Egypt’s first national anti-bullying campaign was launched in September in cooperation with the Ministry of Education (Photo: UNICEF)
Prosecutors in the Nile Delta governorate of Damietta ordered on Tuesday the detention of a teacher for four days on accusations of bullying pending further investigations, after he reportedly made degrading references to a student's dark skin colour during class.
Eighth-grade student Basmala Ali said her Arabic Language teacher left her in tears after he referred to her as "black" in a question for classmates to identify the grammatical inflection in the sentence "Basmala is a black student."
The student's mother later filed an official complaint about the incident, prompting the local education department to refer the teacher to an administrative investigation and transfer him to another school.
The teacher, Samy Deyab, faces charges of "bullying and deviation from the requirements of job duty," a judicial source told Ahram Online on Wednesday.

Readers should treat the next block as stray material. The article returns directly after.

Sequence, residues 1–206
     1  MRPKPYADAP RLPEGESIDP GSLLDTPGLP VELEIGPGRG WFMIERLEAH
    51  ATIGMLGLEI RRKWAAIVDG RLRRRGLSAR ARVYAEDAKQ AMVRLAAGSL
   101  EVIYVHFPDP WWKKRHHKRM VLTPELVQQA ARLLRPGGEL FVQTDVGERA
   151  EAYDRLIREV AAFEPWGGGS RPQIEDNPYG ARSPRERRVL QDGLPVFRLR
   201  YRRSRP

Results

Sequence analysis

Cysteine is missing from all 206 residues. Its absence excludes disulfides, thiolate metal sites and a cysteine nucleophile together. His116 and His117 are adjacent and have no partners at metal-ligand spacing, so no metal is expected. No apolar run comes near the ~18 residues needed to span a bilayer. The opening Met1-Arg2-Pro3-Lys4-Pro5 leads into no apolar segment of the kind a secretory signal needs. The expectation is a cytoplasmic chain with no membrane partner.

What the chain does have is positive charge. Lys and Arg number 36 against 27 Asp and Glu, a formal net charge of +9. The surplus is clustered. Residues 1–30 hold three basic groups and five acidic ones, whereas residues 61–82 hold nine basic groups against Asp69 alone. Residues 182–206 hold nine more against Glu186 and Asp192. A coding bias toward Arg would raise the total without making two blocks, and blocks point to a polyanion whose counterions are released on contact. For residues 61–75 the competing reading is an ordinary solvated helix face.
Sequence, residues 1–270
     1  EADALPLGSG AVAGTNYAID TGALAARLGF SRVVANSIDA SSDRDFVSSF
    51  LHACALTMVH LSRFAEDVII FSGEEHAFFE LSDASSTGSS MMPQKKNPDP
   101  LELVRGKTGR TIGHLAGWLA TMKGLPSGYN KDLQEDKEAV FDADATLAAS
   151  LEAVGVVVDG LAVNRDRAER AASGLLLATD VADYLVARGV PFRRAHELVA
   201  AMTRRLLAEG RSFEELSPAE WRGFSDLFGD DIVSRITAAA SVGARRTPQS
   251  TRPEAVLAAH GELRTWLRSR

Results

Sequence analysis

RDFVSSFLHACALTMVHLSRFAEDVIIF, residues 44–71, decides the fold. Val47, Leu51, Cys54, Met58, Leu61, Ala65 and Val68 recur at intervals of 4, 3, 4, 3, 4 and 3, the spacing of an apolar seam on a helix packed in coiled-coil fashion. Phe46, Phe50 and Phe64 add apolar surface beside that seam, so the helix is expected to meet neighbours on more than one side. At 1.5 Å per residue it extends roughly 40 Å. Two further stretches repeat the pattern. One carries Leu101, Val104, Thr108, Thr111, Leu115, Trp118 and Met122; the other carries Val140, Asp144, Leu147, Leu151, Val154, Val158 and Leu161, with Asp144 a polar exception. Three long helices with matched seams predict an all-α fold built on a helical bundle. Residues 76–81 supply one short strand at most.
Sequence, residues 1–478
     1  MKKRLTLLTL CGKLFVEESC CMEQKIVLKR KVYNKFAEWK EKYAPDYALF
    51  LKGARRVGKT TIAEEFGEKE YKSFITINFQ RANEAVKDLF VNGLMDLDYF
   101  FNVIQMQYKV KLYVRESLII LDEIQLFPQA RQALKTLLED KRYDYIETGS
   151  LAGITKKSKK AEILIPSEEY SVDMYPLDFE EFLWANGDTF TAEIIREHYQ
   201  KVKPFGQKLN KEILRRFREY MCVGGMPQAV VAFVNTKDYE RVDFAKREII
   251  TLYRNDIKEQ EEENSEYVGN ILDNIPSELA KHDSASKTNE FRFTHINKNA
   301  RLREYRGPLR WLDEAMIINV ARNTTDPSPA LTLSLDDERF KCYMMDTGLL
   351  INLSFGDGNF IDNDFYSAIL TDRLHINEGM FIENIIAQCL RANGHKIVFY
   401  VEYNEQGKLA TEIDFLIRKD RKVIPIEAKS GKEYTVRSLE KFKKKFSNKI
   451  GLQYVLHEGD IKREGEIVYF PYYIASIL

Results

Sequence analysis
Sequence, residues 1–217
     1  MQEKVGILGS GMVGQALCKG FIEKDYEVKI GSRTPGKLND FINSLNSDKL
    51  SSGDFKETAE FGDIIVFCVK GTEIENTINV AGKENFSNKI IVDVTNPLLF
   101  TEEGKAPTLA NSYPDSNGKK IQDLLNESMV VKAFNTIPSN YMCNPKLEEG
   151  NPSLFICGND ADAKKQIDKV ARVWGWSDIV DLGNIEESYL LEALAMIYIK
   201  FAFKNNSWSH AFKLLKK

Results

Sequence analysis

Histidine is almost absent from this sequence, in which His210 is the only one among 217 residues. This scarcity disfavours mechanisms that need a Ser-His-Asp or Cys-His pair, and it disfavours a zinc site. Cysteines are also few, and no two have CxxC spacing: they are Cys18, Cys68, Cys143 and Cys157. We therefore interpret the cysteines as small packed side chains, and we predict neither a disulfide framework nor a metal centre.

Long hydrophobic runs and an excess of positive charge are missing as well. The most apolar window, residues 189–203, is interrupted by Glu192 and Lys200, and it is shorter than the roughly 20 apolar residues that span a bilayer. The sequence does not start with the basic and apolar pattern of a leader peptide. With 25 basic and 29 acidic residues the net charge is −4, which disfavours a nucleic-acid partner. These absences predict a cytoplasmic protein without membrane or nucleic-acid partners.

Deyab has denied in TV comments that he called the girl "black," saying he literally used the expression "dark-skinned," and claimed that he would not mock her complexion since he himself is dark-skinned.
The Teachers Syndicate chapter in Damietta has provided legal representation for the accused teacher.
Egypt has recently started to take steps in raising public awareness on the negative impact of bullying on children and society.
In September, Egypt's National Council for Childhood and Motherhood (NCCM) and the Ministry of Education launched the country's first national anti-bullying campaign, in cooperation with the UN Children’s Fund (UNICEF), to protect children from physical and psychological abuse.
The campaign urged children and parents to speak up against bullying in educational and non-educational settings and encouraged them to share their experiences online through the hashtag #IamAgainstBullying.
According to recent global data published the UNICEF, more than one in three students aged 13-15 around the world experience bullying.
Girls are believed to more likely become victims of psychological forms of bullying, with boys more at risk of physical violence, it said.